“Even with a solid emergency preparedness plan, routine practices and preparation, a disaster can occur at any time,” Rega said. “That’s why it’s important that the University has proper supplies that are easily accessible across our campuses, in addition to an adequate number of campus members trained to use them.”

Faculty members receive promotion, tenure

A number of faculty members received tenure and promotion for the 2017-18 academic year approved in April by the UT Board of Trustees.

Faculty members who received tenure were:

College of Law
• Michelle Cavalieri
• Bryan Lammon

Faculty members who received tenure and promotion to associate professor were:

College of Arts and Letters
• Daniel Hernandez, Art
• Dr. Thor Mednick, Art
• Dr. Liat Ben-Moshe, Disability Studies
• Dr. Jason Levine, Psychology
• Daniel Thobias, Theatre and Film

College of Business and Innovation
• Dr. Kainan Wang, Finance
• Dr. Joseph Cooper, Management

College of Engineering
• Dr. Halim Ayan, Bioengineering
• Dr. Eda Yildirim-Ayan, Bioengineering

College of Health and Human Services
• Dr. Aravindhan Natarajan, School of Social Justice

College of Medicine and Life Sciences
• Dr. David Heidt, Surgery

College of Natural Sciences and Mathematics
• Dr. Rafael Garcia-Mata, Biological Sciences

College of Pharmacy and Pharmaceutical Sciences
• Dr. Wissam AbouAlaiwi, Pharmacology and Experimental Therapeutics

Faculty members promoted to professor were:

College of Arts and Letters
• Dr. Mysoon Rizk, Art
• Dr. Sujata Shetty, Geography and Planning
• Dr. Jami Taylor, Political Science and Public Administration
• Dr. Edmund Lingan, Theatre and Film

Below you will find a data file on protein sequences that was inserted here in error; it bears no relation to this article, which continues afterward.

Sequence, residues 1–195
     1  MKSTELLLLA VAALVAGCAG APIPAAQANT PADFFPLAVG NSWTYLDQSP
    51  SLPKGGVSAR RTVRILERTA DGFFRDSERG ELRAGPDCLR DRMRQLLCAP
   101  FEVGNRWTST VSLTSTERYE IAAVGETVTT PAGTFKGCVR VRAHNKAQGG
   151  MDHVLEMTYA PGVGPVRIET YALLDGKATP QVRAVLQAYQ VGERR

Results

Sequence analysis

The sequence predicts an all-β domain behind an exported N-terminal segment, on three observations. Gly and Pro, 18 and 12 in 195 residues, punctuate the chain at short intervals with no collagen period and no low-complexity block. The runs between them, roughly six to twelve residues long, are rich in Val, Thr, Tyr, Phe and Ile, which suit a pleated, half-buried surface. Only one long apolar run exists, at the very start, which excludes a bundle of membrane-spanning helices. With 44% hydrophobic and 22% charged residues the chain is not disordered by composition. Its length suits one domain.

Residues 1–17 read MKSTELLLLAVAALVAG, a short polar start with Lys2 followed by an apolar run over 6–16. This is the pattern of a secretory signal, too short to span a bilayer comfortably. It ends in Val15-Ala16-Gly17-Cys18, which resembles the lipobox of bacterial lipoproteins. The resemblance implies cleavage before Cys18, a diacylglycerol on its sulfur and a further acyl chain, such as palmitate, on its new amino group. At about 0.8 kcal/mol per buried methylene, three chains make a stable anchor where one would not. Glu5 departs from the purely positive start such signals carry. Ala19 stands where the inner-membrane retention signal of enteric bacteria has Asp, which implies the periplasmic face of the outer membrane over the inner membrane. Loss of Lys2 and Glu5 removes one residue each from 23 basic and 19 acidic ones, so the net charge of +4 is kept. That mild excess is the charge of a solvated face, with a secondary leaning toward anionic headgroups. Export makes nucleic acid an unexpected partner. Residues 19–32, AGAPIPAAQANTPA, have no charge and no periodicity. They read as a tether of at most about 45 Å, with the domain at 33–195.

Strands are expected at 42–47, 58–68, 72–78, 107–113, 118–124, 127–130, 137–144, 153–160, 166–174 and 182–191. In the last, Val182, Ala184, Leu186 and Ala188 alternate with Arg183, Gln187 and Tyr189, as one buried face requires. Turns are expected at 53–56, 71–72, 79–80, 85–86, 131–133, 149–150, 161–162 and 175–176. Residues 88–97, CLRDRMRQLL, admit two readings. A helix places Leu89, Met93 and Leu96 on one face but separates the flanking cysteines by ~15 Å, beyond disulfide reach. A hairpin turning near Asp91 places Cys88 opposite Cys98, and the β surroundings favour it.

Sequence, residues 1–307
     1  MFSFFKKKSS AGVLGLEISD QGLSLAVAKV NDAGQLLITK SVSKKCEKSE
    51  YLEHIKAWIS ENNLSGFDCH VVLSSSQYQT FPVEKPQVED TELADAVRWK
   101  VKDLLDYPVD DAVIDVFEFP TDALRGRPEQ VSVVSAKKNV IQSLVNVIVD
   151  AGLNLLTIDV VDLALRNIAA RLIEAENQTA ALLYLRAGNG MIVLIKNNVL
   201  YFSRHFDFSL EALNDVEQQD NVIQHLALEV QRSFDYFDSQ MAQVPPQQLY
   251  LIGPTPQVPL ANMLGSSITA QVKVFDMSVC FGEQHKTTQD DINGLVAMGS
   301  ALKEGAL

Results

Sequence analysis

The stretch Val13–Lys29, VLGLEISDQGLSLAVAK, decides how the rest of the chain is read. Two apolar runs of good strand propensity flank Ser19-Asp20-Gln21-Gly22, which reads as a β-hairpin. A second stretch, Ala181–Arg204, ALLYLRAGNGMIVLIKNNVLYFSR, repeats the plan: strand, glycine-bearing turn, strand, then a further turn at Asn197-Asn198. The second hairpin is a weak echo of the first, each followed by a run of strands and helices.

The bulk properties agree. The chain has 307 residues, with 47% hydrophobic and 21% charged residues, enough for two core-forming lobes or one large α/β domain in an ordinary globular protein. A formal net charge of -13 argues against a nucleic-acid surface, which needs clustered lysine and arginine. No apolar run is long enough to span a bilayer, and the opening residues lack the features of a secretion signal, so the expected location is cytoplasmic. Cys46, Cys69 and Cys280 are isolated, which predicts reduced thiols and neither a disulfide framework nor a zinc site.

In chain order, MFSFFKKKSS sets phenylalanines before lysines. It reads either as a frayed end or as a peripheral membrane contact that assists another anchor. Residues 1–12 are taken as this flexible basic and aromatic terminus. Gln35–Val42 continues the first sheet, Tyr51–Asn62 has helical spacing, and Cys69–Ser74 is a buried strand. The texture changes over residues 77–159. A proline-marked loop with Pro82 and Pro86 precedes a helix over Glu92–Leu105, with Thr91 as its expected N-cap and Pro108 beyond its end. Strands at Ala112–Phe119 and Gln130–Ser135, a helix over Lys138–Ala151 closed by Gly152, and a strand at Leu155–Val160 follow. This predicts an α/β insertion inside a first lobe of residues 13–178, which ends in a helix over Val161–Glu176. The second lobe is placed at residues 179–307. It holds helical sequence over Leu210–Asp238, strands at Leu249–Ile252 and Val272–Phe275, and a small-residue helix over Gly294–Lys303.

College of Business and Innovation
• Dr. Margaret Hopkins, Management
• Dr. Bashar Gammoh, Marketing and International Business

College of Engineering
• Dr. Scott Molitor, Bioengineering
• Dr. Sridhar Viamajala, Civil and Environmental Engineering
• Dr. Youngwoo Seo, Civil and Environmental Engineering
• Dr. Devinder Kaur, Electrical Engineering and Computer Science
• Dr. Gursel Serpen, Electrical Engineering and Computer Science
• Dr. Chunhua Sheng, Mechanical, Industrial and Manufacturing Engineering
• Dr. Hongyan Zhang, Mechanical, Industrial and Manufacturing Engineering

College of Health and Human Services
• Dr. Tavis Glassman, School of Population Health
• Dr. Sheryl Milz, School of Population Health

Judith Herb College of Education
• Dr. Tod Shockey, Curriculum and Instruction
• Dr. Florian Feucht, Educational Foundations and Leadership

College of Law
• Elizabeth McCuskey
• Evan Zoldan

College of Medicine and Life Sciences
• Dr. Azedine Medhkour, Neurosurgery

College of Natural Sciences and Mathematics
• Dr. Tomer Avidor-Reiss, Biological Sciences
• Dr. Maria Diakonova, Biological Sciences
• Dr. Michael Weintraub, Environmental Sciences

College of Pharmacy and Pharmaceutical Sciences
• Dr. Amanda Bryant-Friedrich, Medicinal and Biological Chemistry
• Dr. Frederick Williams, Pharmacology and Experimental Therapeutics

Faculty members promoted to associate professor were:

College of Medicine and Life Sciences
• Dr. Sumon Nandi, Orthopaedic Surgery